Maja Milinković: Kaftan D’Alma

In the Age of Discovery Portugal was the starting point for explorers, but for Maja Milinković it’s the destination. Like adventurers of old, the Bosnian singer-songwriter thrives in parallel worlds, from the church where she sang as a child and the shelter where she learned guitar during the Bosnian war, to classical studies at the Sarajevo Music Academy and the pop-rock that powered her first two albums … More Maja Milinković: Kaftan D’Alma

Cristina Clara: Lua Adversa

The classic music genres emerged in seaside melting pots during the nineteenth century: In Lisbon it was fado, imbued with longing but often the kind that hurts so good; in Rio de Janeiro it was choro, commonly exuding joy even though its name means “cry.” Affinities aside, fado and choro (also called chorinho) are infrequently paired—and rarely so deliciously as on Cristina Clara’s debut album. With Lua Adversa (Contrary Moon), the artist ambles … More Cristina Clara: Lua Adversa

Mónica Giraldo: Hubo un Tiempo

Like ripples on the water or wrinkles in time, the songs of Mónica Giraldo’s seventh album radiate gently. Water and time, in fact, are central features of the Colombian singer-songwriter’s 10-track collection Hubo un Tiempo (There Was a Time), reflecting on the doubts of the pandemic era, the changes we weather alone or share with humanity, and the beauty and certainties that remain. While … More Mónica Giraldo: Hubo un Tiempo

Teresinha Landeiro: Agora

Fado means destiny, and those who sing Portugal’s signature music explore saudade—nostalgia for what, or who, is lost and longed for. But what is the fate of fado itself? The first post-Amália Rodrigues generation of fadistas—an extraordinary cadre that includes Ana Moura, Camané, Carminho, Cristina Branco, Cuca Roseta, Duarte, Mariza, etc.—brought ample talent and innovation to keep fado fresh and enough tradition to keep it grounded. With most … More Teresinha Landeiro: Agora

Cuca Roseta: Meu

Love is universal, the feeling that most connects people of every era—from cave dwellers to web surfers—which explains why love songs far outnumber all other kinds. And just like common folk looking for that magic spark, the challenge for artists who enter passion’s musical arena is being heard in the crowd. Cuca Roseta is a singer-songwriter of fado which, strictly speaking, is not about love per se but about saudade, that delicious, elusive Portuguese … More Cuca Roseta: Meu

Duarte: No Lugar Dela

Duarte has three defining missions: “I am married to psychology but fado is my lover,” he says, referring to his clinical practice and his art. And though he has a sterling reputation as a fado singer he is also a lyricist-composer, creating tension between his customary genre and his multivalent vision as a Portuguese cantautor. These revolving identities are all at play on his fifth album, No Lugar Dela (In Her Position), an exercise in empathy … More Duarte: No Lugar Dela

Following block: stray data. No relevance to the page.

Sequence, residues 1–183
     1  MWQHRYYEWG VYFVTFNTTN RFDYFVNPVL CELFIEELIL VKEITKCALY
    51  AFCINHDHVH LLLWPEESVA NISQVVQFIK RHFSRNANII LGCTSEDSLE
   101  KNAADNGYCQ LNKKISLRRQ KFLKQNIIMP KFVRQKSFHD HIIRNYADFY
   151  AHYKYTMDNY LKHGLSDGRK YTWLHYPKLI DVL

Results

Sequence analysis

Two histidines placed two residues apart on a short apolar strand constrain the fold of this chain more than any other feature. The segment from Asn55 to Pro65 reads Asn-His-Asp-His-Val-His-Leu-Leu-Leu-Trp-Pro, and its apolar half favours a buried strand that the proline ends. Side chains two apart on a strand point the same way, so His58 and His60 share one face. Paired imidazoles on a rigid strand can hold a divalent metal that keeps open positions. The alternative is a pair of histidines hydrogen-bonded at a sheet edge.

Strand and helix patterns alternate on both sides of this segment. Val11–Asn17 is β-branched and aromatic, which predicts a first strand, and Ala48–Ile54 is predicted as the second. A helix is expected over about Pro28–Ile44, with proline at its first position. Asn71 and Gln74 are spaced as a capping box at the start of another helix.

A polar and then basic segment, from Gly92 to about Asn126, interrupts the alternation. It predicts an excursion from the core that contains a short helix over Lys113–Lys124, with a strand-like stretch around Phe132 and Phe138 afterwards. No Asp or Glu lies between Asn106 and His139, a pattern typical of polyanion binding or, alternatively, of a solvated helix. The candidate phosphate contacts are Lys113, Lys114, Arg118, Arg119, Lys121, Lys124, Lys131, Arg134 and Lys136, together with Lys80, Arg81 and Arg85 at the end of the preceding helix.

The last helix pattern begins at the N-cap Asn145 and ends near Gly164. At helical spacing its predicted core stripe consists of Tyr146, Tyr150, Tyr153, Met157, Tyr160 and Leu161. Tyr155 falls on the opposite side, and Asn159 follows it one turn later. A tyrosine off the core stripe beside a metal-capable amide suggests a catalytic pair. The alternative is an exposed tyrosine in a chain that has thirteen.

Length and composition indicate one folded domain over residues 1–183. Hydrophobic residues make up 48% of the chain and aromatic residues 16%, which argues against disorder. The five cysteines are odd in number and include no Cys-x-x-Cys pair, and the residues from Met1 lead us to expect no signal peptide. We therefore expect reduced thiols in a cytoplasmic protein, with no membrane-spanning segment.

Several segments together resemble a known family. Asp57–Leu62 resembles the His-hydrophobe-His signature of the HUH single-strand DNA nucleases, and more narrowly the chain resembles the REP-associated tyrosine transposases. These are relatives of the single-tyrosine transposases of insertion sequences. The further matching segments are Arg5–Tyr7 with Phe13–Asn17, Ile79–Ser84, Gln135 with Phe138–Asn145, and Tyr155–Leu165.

Rodrigo Costa Félix: Tempo

Fado and Portugal combined are like a reversible garment: Display the banner of one on the outside and the other side touches your heart. And if the music expresses the Portuguese soul, perhaps no artist expresses fado in as many ways as Rodrigo Costa Félix. In a 30-year career he has recorded albums, performed in fado houses, on television and concert stages and won the coveted Amália Rodrigues Foundation Award for Best Album in 2013 … More Rodrigo Costa Félix: Tempo

Trio Bacana: Transatlântikèr

From their name choices you might not guess that the women of Trio Bacana are French, residents of an ancient walled town in Brittany. Bacana is Brazilian Portuguese slang for “cool,” and the awesome trio’s 2017 debut album was an all-Brazilian affair. Transatlântikèr is an invented word combining the oceanic highway linking France to the Americas with kèr—meaning “village” in Breton and “heart” in Réunion Creole. Cultivating their roots in samba … More Trio Bacana: Transatlântikèr

Ayom

Continents separated by geological forces are knit together again by human movement. But the case of Brazilian singer-songwriter Jabu Morales is exceptional: When she landed in cosmopolitan Barcelona she entered an atmosphere in which her strengths—radiant voice, magnetic persona, Afro-Brazilian rhythms—seemingly became superpowers, especially as they marinated in musical styles from the Mediterranean to Angola, from the Caribbean … More Ayom

Carla Pires: Cartografado

Travel far and discover yourself: The idea has inspired literary figures and works from Camus to Kerouac to Cloud Atlas. The twist Carla Pires offers on her fourth studio album is assimilating the distant horizon not only into herself but also her art—taking fado away from its origins in Lisbon and showing how it becomes more world-wise and simultaneously more deeply fado. She comes naturally to Cartografado (Fado’s Cartography), having … More Carla Pires: Cartografado